YT: Do you consider yourself a sound artist?
EO: Yes, but that title doesn't say very much about what I do. It says something about technique but it doesn't say anything about the work. In addition, the term doesn't mean a great deal to anyone who isn't already familiar with the field, so even though I use the term to describe what I do, it is of limited usefulness. The vagueness of the term points to the fact that the field isn't as recognized as it should be and that there isn't a formalized practice of it. The variety of forms in which artists are using sound preclude a solid definition of the field. This is related to the fact that most arts-presenting institutions are usually ill-equipped to deal with sound art - no surprise since almost none of them were designed for it. Gallery spaces are generally set up to look at art but not to listen to it. In those spaces there are often problems with sound from one piece bleeding into another, or the sonic qualities of an exhibition space aren't suited for sound work - the flat walls cause lots of reverberation which may not be desirable. In addition, the structures of institutions that present music or performance can sometimes also be a detriment to the presentation of sound art. Sometimes a theater-type space is all that is available and that is sometimes not suitable to particular types of sound work. In addition, sound art performances are occasionally scheduled on concerts with music. Sometimes it works, sometimes it doesn't, at the very least it is difficult for a listener to change their way of listening from musical habits to other modes in the middle of a concert. So generally it is difficult for those kinds of institutional structures to accommodate the variety of work that is found in the field of sound art. All the organizations that participated in SoundCulture were, to their credit, very open-minded about all of these issues. But even the most generous program director is going to think twice before rebuilding their gallery space to handle a special project, no matter what it is.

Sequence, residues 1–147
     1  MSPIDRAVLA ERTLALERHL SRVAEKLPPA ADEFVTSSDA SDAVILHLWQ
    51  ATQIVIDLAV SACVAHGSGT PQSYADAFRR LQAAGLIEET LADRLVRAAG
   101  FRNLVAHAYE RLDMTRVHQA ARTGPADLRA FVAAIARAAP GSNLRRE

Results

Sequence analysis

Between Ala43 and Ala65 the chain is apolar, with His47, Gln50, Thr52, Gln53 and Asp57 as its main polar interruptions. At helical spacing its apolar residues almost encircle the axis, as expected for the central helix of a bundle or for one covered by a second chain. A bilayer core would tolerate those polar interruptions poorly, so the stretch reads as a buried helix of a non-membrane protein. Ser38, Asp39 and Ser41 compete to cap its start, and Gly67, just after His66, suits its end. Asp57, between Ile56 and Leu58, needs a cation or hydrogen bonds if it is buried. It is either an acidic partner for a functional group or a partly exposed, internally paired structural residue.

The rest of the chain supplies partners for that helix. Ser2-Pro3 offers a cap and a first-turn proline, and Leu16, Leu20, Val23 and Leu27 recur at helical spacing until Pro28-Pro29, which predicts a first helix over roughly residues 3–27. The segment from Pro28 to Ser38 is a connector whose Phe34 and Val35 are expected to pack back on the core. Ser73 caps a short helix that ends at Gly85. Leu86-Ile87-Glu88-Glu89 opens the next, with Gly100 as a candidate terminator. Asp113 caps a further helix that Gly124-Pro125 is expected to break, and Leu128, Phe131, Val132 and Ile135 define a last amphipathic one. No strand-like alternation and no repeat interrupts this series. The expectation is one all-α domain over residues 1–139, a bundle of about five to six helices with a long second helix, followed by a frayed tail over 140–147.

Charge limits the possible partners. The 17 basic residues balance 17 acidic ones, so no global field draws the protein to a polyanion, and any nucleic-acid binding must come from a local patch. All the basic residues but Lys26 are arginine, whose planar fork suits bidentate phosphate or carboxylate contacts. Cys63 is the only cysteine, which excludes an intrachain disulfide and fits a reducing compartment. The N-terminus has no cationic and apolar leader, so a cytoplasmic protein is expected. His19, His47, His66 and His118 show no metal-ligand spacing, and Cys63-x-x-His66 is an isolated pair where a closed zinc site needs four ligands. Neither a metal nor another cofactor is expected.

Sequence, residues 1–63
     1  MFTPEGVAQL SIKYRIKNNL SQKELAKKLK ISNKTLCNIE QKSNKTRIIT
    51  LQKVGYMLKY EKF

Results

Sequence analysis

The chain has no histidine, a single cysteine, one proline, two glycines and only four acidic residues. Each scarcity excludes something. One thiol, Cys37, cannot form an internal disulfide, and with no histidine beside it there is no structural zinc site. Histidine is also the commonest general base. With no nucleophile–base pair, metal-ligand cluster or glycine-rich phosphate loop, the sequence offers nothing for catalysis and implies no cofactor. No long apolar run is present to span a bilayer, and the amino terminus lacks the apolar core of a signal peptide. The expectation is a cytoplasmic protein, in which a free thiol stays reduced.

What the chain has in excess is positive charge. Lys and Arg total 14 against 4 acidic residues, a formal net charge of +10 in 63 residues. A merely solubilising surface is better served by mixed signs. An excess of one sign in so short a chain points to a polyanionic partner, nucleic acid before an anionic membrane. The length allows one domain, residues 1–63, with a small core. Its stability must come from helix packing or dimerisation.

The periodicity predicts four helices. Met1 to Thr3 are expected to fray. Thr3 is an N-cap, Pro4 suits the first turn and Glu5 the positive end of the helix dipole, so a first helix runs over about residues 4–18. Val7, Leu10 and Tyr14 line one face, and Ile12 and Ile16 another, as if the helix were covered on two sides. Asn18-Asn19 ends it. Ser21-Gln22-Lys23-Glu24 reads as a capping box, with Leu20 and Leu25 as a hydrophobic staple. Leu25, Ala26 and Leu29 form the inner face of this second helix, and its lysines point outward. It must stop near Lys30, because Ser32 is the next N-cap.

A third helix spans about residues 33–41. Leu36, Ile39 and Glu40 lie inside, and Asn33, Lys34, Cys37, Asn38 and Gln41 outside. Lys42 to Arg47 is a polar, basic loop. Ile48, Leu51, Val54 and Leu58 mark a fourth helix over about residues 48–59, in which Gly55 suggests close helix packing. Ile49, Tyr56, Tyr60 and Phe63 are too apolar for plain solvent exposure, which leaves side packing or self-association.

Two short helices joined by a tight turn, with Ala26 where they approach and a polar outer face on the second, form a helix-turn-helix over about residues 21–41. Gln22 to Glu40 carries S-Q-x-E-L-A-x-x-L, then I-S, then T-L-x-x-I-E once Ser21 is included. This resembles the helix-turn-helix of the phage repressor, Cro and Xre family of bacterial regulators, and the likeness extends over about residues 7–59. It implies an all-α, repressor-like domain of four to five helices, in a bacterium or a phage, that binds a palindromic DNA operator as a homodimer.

In some senses, the closest ideal institution is radio because it is experienced only as sound and listening to radio tends to be a personal kind of experience. But of course there are no visuals with radio, so that knocks out a great deal of possible work right there. That aside, radio is a very good medium for sound art. The main problem lies in acquiring radio space for experimental projects, since all of the commercial and non-commercial broadcast channels available are very tightly formatted. And that formatting has set up a rather rigid set of expectations among both programmers and audience about what the possibilities of radio are. So spaces on radio that are open to experimental work are not that common. Fortunately for SoundCulture, we had the cooperation of KPFA, which offers much more space for experimentation than any other radio station around here except maybe for the unlicensed radio transmitters.
So it's an art form that takes on a wide variety of formats, but one of the artifacts of that is that doesn't fit very well into any existing institutional frameworks. In pursuing my own career, I have lost count of times when a gallery director would say, "Well, that's very interesting but you know, we never had a sound piece here before and we wouldn't know what we would do with it." It's not really that hard to deal with but it is true that galleries generally are not set up for it. I had a review recently of an exhibition I did in Michigan where the writer said that sound did not belong in gallery or museum settings; he missed the fact that those places are not designed for sound in the first place. But that review did make clear two things. One, there is a real need for education and the inclusion of sound in the standard arts practices and two, there is likely to be a great deal of resistance to the form in part because by its nature it slips across the boundaries and categories that everyone is used to in visual arts culture. Since SoundCulture highlighted the fact that sound art is a solid field, hopefully it will help to overcome some of this resistance and garner the area a bit more attention. As that happens, describing oneself as a sound artist will not be quite such a novelty, nor will it lead to the kinds of puzzlement that I am now used to encountering.